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PRI's Environmental News Magazine

Emerging Science Note/Science of Desire

Air Date: Week of October 6, 2006

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Scientists have discovered the link between the hunger-sensing part of the brain and the region responsible for emotional and addictive behavior. Jennifer Percy reports.

Transcript

PERCY: I just ate half the carton of fudge brownie ice cream. I really shouldn’t eat more. Oh, but those little chunks of fudge taste so good. Maybe I should have one more little spoonful. Oh, another one wouldn’t hurt. Maybe just two more…

[SCIENCE NOTE MUSIC STARTS]

PERCY: Have you ever kept eating and eating, knowing you should stop? Scientists at Brookhaven National Laboratory have identified the brain pathways that motivate our desire to overeat, linking them to the regions of our brain responsible for emotional and addictive behaviors.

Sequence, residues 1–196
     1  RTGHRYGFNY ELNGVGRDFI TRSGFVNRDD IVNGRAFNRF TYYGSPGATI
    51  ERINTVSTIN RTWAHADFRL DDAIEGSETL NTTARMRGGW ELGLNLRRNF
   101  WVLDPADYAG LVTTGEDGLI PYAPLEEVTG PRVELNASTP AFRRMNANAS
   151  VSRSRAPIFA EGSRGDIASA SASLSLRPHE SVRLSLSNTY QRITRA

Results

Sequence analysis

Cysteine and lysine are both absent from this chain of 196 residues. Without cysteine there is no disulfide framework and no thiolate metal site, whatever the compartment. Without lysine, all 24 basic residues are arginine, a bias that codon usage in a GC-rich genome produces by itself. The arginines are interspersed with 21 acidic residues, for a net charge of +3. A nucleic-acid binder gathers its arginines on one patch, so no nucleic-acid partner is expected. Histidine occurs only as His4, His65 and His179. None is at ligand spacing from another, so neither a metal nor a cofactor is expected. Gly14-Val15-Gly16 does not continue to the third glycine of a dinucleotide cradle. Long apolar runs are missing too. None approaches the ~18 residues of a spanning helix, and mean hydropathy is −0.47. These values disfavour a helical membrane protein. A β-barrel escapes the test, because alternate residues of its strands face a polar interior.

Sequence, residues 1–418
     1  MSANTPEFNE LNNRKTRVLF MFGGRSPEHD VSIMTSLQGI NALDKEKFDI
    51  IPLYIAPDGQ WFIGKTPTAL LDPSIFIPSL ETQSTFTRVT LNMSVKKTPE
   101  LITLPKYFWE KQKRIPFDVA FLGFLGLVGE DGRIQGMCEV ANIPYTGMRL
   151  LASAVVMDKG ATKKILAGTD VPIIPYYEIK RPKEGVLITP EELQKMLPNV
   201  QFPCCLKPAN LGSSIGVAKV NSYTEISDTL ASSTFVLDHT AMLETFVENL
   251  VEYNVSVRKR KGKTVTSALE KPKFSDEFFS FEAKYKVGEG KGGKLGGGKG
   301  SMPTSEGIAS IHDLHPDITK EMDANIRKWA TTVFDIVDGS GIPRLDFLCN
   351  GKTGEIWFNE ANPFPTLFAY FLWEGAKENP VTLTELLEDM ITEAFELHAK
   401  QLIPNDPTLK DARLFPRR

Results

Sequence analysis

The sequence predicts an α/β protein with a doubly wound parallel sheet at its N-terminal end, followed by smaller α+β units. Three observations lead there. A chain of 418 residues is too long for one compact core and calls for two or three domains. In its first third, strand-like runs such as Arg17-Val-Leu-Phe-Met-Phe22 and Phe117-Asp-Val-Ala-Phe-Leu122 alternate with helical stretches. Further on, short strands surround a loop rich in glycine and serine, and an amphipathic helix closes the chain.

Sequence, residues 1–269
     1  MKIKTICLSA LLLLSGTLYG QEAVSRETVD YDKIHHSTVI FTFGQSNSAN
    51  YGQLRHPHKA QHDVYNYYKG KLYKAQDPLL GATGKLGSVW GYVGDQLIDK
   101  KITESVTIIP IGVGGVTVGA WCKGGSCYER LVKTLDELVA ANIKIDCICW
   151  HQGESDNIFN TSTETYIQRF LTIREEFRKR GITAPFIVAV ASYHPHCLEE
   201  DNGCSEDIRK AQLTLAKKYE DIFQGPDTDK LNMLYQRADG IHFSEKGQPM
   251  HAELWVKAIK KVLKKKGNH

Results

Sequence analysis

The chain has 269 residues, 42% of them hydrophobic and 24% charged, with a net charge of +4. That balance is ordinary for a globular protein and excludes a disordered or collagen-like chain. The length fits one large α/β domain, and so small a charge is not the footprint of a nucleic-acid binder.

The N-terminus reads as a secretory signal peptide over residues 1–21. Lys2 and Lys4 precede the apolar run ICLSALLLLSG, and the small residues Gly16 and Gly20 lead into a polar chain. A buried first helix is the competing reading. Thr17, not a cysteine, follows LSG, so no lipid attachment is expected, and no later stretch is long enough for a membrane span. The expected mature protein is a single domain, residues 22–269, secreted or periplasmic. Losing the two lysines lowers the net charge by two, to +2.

To view these pathways, researchers implanted a device into the stomachs of seven obese patients. When the device was turned on it stimulated the stomach to expand and release the peptides responsible for telling the brain whether or not the body is full. The scientists compared scans of the patient’s brains when the device was turned on and off. They found that when the device was on, there was a significant increase of activity in the regions of the brain most closely associated with emotion. Most of that activity occurred in the hippocampus, an area of the brain linked to emotional behaviors, learning, memory and sensory impulses.

The study also shows that eating triggers the same part of the brain that is responsible for addictive behavior. This creates a desire to eat more and more even when we are full. The study is the first direct evidence that brain regions are involved in our physical response to eating. So the next time you find yourself reaching for that second slice of cake, don’t let your stomach do the talking, it might be telling your brain something else.

That’s this week’s note on emerging science. I’m Jennifer Percy

 

 

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